Hunter is a young man heading home to farmland USA for the first time since telling his father that he is gay. A bunch of his friends have accompanied him on the trip because Hunter doesn’t know what to expect when he gets there from his conservative papa. Before we meet Hunter, we know this homeward journey is unlikely to end well as a pre-credits sequence lets us know there’s someone or something with murderous intent lurking out there in the corn fields and farm buildings.
As his friends set up a literal barn dance (really!), Hunter has to cope with a frosty and dismissive reaction from his father. The party gets in full swing and we learn Hunter’s friends aren’t quite as happy a gang as had first seemed.
Then the titular monster, a maniac with the head of a pitchfork where his hand should be, arrives to properly spoil everything. And it’s quickly clear Hunter shouldn’t have been bothered about his dad’s reaction to his news, as the more pressing issue becomes keeping himself and his young and dumb friends alive.
So we’re in full-on slasher movie territory. There’s a lot of work to be done to stand out in such a crowded subset of the horror genre, and though Pitchfork does manage this, it does so for the wrong reasons.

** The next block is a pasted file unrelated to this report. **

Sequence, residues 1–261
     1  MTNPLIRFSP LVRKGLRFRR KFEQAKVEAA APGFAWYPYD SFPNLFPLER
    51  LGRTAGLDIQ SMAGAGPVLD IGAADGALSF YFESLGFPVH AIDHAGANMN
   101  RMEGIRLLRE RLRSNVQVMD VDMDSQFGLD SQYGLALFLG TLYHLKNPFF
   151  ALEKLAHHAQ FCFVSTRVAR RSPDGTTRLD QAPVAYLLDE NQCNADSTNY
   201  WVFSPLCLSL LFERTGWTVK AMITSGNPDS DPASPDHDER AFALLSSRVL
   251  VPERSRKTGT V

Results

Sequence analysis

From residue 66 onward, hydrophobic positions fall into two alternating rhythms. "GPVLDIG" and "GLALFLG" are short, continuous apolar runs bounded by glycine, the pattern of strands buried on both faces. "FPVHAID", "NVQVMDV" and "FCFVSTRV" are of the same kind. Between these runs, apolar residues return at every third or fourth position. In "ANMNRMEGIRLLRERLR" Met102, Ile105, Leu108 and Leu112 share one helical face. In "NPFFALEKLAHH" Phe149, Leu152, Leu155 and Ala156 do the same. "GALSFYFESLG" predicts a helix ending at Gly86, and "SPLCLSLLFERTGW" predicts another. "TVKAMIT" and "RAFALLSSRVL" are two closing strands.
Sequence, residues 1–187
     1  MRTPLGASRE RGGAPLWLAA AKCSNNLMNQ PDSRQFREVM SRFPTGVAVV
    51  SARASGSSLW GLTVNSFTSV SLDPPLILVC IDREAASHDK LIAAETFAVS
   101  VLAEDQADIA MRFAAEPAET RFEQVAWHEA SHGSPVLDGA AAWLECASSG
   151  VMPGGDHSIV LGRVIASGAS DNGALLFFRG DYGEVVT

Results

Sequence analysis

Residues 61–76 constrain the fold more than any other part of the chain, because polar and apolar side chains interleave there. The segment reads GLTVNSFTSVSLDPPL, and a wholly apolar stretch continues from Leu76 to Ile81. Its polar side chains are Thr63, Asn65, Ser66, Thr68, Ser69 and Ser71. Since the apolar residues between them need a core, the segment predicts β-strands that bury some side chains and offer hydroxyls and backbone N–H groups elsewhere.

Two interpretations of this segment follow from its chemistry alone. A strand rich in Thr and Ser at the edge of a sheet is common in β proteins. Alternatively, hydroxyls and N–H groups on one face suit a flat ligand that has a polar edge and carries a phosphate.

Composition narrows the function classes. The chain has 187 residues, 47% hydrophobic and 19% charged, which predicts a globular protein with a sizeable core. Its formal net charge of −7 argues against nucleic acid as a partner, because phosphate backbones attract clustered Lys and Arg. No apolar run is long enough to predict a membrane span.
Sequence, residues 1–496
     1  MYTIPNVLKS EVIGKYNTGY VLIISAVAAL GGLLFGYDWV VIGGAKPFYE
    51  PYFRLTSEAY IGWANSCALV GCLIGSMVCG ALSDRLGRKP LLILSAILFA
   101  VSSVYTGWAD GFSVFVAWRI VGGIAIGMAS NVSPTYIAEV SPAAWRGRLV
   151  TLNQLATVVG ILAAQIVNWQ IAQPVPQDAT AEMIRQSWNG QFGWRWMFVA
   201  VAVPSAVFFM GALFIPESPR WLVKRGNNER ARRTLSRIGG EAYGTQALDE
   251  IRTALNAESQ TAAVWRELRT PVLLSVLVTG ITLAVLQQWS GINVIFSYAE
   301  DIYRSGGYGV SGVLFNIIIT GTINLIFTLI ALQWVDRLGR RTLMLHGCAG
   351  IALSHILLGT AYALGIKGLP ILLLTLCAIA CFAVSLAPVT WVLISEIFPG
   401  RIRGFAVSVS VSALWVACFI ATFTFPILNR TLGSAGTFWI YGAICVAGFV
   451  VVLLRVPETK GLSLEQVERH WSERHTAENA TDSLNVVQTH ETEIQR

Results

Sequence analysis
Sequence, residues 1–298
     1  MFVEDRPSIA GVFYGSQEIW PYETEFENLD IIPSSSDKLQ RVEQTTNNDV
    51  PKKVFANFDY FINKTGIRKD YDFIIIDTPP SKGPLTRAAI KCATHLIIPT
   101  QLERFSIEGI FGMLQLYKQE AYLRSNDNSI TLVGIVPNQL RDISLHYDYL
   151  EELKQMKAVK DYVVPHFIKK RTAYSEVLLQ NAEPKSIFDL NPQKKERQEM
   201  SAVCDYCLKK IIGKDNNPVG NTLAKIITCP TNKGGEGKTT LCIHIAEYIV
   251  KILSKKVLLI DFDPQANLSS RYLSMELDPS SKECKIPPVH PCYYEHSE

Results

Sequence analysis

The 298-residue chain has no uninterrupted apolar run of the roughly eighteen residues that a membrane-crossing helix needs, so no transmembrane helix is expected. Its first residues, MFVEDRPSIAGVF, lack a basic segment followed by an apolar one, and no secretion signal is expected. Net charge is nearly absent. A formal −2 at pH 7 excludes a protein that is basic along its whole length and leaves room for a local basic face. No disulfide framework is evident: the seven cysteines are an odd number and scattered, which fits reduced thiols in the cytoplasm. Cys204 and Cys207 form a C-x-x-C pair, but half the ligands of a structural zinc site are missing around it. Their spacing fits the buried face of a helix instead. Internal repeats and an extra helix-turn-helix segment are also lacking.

Early on director and co-writer Glenn Douglas Parkard juxtaposes silly comedy and a barrage of ticks to try and make us like Hunter’s ‘crazy’ gang with a cacophony of juddering clanging and banging on the soundtrack to let us know something bad is on its way. And that ‘bad’ is a mix of slasher with segues into torture porn and Texas Chainsaw ‘homage’. On the plus side he has one or two surprises that threaten originality. The HD filming makes good use of the rural landscape. Frustratingly Packard and his crew are therefore evidently able to make a professional product, it’s just wasted on this ill-advised, ill-conceived rubbish.
The inexplicably omnipresent killer is given an abundance of screen time, which strips away any menace that could have been generated when said murderer resembles nothing frightening and more a kind of bizarre hamster Leatherface in dirty shorts having a hissy fit.
It seems, dear readers, that we are now in a 'post-truth' world of moviemaking where one could potentially question and argue without answer whether something is naff on purpose as part of a wider joke, or just naff. In this new cannon of film, Pitchfork may take its place.
It’s either a genuinely brilliant and very funny pastiche of bad slasher flicks or simply a terrible, non-scary, non-horrific example of the subgenre at its worst. Problem is, an audience shouldn't still be possibly perplexed as to which when the film is over. In truth, we know it’s the latter, which sadly makes this one to avoid, unless you’re a connoisseur of the crap.
PITCHFORK / DIRECTOR: GLENN DOUGLAS PACKARD / SCREENPLAY: DARRYL F. GARIGLIO, GLENN DOUGLAS PACKARD / STARRING: BRIAN RAETZ, DANIEL WILKINSON, LINDSEY NICOLE, RYAN MOORE, CELINA BEACH / RELEASE DATE: JANUARY 13TH